People who have diabetes often have poor sleep habits, including difficulty falling asleep or staying asleep. Some people with diabetes get too much sleep, while others have problems getting enough sleep. According to the National Sleep Foundation, 63% of American adults do not get enough sleep needed for good health, safety, and optimum performance.
There are several causes of sleep problems for people with type 2 diabetes, including obstructive sleep apnea, pain or discomfort, restless legs syndrome, the need to go to the bathroom, and other problems associated with type 2 diabetes.
Sleep Problems and Type 2 Diabetes
Sleep apnea involves pauses in breathing during sleep. The periods of stopped breathing are called apneas, which are caused by an obstruction of the upper airway. Apneas may be interrupted by a brief arousal that does not awaken you completely -- you often do not even realize that your sleep was disturbed. Yet if your sleep was measured in a sleep laboratory, technicians would record changes in the brain waves that are characteristic of awakening.
Sleep apnea results in low oxygen levels in the blood because the blockages prevent air from getting to the lungs. The low oxygen levels also affect brain and heart function. Up to two-thirds of the people who have sleep apnea are overweight.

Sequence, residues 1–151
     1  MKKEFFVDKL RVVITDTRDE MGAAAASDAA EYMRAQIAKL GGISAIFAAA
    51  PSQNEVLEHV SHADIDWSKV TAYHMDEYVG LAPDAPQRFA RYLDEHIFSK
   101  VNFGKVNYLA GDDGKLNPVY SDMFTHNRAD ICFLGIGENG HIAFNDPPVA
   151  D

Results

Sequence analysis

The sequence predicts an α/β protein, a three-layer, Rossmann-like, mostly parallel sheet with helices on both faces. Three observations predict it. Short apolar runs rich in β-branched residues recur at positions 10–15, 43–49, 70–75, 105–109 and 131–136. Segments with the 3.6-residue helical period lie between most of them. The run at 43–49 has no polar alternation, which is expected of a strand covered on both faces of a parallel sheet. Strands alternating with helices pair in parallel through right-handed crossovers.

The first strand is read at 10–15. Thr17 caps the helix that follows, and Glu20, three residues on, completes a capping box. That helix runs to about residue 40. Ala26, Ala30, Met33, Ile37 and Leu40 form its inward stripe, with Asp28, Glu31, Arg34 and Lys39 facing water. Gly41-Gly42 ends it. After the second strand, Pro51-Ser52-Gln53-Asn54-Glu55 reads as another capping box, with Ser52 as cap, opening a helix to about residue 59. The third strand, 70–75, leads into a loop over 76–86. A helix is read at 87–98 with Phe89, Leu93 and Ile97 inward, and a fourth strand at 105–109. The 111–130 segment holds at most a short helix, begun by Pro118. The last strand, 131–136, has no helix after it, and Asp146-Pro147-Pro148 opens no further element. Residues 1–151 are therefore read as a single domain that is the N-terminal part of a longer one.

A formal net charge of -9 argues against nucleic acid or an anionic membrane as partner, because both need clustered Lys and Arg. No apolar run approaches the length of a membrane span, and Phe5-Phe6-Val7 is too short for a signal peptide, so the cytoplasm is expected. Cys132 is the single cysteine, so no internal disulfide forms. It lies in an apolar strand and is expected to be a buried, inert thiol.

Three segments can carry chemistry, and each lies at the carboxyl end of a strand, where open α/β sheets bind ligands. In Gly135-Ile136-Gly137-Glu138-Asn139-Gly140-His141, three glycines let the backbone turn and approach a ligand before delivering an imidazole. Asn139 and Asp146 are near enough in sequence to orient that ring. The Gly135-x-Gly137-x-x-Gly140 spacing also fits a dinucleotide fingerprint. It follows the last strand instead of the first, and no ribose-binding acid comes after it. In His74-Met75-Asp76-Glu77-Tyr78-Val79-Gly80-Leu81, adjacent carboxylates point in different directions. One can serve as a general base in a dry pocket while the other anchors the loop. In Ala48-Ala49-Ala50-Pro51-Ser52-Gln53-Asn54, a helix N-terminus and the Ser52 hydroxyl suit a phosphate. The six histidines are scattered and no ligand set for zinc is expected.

Sleep apnea alters our sleep cycle and stages of sleep. Some studies have linked altered sleep stages with a decrease in growth hormone, which plays a key role in body composition such as body fat, muscle, and abdominal fat. Researchers have found a possible link between sleep apnea and the development of diabetes and insulin resistance (the inability of the body to use insulin).
Peripheral neuropathy, or damage to the nerves in the feet and legs, is another cause of sleep disruption. This nerve damage can cause a loss of feeling in the feet or symptoms such as tingling, numbness, burning, and pain.
Restless legs syndrome is a specific sleep disorder that causes an intense, often irresistible urge to move your legs. This sleep disorder is often accompanied by other sensations in the legs such as tingling, pulling, or pain, making it difficult to fall asleep or stay asleep.
Hypoglycemia and Hyperglycemia
Both hypoglycemia (low blood sugar) and hyperglycemia (high blood sugar) can affect sleep in those with diabetes. Hypoglycemia may occur when you have not eaten for many hours, such as overnight, or if you take too much insulin or other medications. Hyperglycemia occurs when the sugar level rises above normal. This may happen after eating too many calories, missing medication, or having an illness. Emotional stress can also cause your blood sugar to rise.
Obesity, or too much body fat, is often associated with snoring, sleep apnea, and sleep disturbance. Obesity increases the risk of sleep apnea, type 2 diabetes, heart disease, hypertension, arthritis, and stroke.
How Are Sleep Problems Diagnosed?
Your doctor will ask you about your sleep patterns, including whether you have trouble falling or staying asleep, are sleepy during the day, have difficulty breathing while asleep (including snoring), have pain in your legs, or move or kick your legs while sleeping.